Today, the price of a single bitcoin has hit $10,000 — making 10,000 of them worth a staggering $100 million (£75 million).
Bitcoin is going nuclear. Just a year ago, it was trading at less than $750, after deflating from what was then seen as the giddy highs of about $1,100 (£847) in late 2013. It has since embarked on an epic bull run.
“10k is a seminal moment for bitcoin and cryptocurrencies in general,” CryptoCompare CEO Charles Hayter said in an emailed statement, “highlighting the supernormal returns and speculative like nature of the industry as well as the potential and growing adoption.”
The digital currency has come a long way since 2010, when the purchase of the two Papa John’s pizzas by Laszlo Hanyecz from another bitcoin enthusiast marked what is believed to be the first “real-world” bitcoin transaction.
He posted on the Bitcoin Talk forum on May 22, 2010, writing (emphasis ours):
“I’ll pay 10,000 bitcoins for a couple of pizzas.. like maybe 2 large ones so I have some left over for the next day. I like having left over pizza to nibble on later. You can make the pizza yourself and bring it to my house or order it for me from a delivery place, but what I’m aiming for is getting food delivered in exchange for bitcoins where I don’t have to order or prepare it myself, kind of like ordering a ‘breakfast platter’ at a hotel or something, they just bring you something to eat and you’re happy!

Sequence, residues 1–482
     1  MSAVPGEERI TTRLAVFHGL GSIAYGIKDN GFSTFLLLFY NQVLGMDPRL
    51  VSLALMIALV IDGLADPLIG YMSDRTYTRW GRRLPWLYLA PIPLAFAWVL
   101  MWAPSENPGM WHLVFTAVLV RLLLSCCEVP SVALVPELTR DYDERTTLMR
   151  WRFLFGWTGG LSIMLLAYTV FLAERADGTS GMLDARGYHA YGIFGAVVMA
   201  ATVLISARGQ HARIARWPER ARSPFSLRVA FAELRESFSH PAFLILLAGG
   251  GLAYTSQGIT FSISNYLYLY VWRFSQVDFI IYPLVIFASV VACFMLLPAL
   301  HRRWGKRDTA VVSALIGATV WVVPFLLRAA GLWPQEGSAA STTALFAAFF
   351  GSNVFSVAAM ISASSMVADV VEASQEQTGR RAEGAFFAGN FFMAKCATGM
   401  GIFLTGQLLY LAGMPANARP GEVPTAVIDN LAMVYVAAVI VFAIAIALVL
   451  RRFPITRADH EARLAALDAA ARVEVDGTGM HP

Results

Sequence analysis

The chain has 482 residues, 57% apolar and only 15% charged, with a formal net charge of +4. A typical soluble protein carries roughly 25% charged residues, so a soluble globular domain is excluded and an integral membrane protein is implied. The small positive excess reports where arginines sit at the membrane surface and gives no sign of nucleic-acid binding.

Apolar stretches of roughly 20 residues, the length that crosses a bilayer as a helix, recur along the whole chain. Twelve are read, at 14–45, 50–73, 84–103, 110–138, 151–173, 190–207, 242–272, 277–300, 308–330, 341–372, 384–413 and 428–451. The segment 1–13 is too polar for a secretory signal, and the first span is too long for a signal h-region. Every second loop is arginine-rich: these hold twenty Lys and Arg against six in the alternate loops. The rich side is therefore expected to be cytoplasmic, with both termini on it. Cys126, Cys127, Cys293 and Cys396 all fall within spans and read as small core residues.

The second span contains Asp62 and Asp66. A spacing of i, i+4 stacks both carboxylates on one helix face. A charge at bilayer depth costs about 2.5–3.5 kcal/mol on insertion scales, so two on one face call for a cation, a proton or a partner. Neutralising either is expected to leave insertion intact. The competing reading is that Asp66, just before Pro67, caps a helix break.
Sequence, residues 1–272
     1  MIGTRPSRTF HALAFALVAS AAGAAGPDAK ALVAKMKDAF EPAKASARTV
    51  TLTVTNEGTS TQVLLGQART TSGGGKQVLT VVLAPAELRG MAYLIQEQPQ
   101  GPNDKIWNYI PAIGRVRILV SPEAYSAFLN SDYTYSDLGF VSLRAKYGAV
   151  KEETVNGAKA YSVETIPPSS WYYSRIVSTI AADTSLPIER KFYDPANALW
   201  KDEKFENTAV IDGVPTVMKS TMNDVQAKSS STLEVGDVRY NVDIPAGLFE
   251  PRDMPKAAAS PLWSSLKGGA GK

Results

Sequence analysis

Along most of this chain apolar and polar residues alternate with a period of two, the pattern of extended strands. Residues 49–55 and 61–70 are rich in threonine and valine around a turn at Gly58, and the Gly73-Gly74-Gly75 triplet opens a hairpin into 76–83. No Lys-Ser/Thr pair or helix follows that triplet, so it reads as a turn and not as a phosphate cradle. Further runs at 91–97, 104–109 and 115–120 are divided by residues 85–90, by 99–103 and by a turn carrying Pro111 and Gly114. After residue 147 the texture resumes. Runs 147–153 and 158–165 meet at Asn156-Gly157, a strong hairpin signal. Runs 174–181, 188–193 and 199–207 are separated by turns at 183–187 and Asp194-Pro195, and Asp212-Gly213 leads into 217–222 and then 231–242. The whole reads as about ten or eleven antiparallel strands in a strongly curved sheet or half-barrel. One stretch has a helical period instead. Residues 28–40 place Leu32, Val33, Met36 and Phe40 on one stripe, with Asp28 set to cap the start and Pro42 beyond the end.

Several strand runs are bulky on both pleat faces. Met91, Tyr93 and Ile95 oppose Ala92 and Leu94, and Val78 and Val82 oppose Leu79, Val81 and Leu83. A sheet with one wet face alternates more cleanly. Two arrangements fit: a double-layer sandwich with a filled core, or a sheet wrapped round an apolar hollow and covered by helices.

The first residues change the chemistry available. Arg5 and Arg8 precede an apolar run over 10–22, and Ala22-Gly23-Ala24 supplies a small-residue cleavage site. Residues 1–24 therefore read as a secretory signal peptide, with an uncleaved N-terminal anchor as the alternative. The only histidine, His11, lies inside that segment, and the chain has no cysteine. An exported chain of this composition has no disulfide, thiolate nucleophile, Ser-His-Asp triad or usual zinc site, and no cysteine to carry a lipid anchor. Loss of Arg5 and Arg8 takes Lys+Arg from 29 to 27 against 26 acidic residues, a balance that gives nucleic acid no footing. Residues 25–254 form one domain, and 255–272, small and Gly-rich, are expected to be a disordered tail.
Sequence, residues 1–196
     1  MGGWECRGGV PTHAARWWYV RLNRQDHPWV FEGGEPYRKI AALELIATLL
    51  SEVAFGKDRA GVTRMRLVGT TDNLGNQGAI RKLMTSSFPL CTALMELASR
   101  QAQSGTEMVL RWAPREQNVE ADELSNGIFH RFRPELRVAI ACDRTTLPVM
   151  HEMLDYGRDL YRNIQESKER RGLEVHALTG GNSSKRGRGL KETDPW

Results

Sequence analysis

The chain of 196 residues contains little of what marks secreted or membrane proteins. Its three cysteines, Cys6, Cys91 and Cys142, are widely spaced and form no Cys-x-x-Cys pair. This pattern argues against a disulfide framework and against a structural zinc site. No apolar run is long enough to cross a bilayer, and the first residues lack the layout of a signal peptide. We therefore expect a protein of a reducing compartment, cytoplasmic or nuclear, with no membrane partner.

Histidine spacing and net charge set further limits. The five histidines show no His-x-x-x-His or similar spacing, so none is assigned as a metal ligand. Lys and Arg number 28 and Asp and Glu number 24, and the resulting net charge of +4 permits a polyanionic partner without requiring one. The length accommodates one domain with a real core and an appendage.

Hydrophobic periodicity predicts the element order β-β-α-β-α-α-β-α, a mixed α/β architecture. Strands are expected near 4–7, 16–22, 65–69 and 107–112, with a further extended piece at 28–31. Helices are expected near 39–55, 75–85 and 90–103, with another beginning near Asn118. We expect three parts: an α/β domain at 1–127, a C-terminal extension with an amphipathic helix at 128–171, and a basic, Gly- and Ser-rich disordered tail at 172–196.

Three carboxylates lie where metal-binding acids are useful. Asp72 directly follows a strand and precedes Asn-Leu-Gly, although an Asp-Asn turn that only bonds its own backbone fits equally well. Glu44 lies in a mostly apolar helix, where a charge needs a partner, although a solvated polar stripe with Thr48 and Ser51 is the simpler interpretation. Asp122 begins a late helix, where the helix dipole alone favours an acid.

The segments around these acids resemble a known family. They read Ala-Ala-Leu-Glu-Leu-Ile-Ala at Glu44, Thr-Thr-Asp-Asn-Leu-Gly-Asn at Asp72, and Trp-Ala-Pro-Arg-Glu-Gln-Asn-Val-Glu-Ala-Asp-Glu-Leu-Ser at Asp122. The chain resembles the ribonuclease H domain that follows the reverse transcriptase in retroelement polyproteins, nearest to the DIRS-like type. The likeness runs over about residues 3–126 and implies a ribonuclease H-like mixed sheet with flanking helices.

“I like things like onions, peppers, sausage, mushrooms, tomatoes, pepperoni, etc.. just standard stuff no weird fish topping or anything like that. I also like regular cheese pizzas which may be cheaper to prepare or otherwise acquire.
“If you’re interested please let me know and we can work out a deal.”
Ten thousand coins were then worth about $40 (£30). A British user agreed to buy the pizza for him, and even at the time the buyer got a good deal out of it: The person paid only $25 (£19) for the two pizzas.
And today, 10,000 bitcoins add up to about $100 million (£75 million).